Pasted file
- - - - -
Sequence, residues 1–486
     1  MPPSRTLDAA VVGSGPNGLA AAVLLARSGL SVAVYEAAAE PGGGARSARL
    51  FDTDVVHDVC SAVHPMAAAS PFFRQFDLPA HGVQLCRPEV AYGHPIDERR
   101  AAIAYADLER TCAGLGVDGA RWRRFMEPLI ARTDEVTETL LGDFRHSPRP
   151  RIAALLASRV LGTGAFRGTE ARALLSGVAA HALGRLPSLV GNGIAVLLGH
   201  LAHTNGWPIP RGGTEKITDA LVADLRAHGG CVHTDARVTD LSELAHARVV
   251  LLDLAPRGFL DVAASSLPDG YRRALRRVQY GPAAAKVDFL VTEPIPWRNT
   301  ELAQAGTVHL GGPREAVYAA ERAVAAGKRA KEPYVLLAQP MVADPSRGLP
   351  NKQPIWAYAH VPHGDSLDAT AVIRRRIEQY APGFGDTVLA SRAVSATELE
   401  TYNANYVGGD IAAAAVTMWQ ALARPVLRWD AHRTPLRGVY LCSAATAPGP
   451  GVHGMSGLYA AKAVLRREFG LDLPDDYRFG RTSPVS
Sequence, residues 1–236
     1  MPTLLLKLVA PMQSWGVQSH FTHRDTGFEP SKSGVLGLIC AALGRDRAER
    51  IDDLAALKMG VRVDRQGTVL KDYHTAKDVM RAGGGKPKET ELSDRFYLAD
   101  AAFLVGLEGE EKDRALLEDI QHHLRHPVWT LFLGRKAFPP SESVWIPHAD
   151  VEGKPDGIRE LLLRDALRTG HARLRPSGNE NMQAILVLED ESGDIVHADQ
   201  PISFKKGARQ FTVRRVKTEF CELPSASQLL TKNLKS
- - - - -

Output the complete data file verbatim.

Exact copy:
Sequence, residues 1–486
     1  MPPSRTLDAA VVGSGPNGLA AAVLLARSGL SVAVYEAAAE PGGGARSARL
    51  FDTDVVHDVC SAVHPMAAAS PFFRQFDLPA HGVQLCRPEV AYGHPIDERR
   101  AAIAYADLER TCAGLGVDGA RWRRFMEPLI ARTDEVTETL LGDFRHSPRP
   151  RIAALLASRV LGTGAFRGTE ARALLSGVAA HALGRLPSLV GNGIAVLLGH
   201  LAHTNGWPIP RGGTEKITDA LVADLRAHGG CVHTDARVTD LSELAHARVV
   251  LLDLAPRGFL DVAASSLPDG YRRALRRVQY GPAAAKVDFL VTEPIPWRNT
   301  ELAQAGTVHL GGPREAVYAA ERAVAAGKRA KEPYVLLAQP MVADPSRGLP
   351  NKQPIWAYAH VPHGDSLDAT AVIRRRIEQY APGFGDTVLA SRAVSATELE
   401  TYNANYVGGD IAAAAVTMWQ ALARPVLRWD AHRTPLRGVY LCSAATAPGP
   451  GVHGMSGLYA AKAVLRREFG LDLPDDYRFG RTSPVS
Sequence, residues 1–236
     1  MPTLLLKLVA PMQSWGVQSH FTHRDTGFEP SKSGVLGLIC AALGRDRAER
    51  IDDLAALKMG VRVDRQGTVL KDYHTAKDVM RAGGGKPKET ELSDRFYLAD
   101  AAFLVGLEGE EKDRALLEDI QHHLRHPVWT LFLGRKAFPP SESVWIPHAD
   151  VEGKPDGIRE LLLRDALRTG HARLRPSGNE NMQAILVLED ESGDIVHADQ
   201  PISFKKGARQ FTVRRVKTEF CELPSASQLL TKNLKS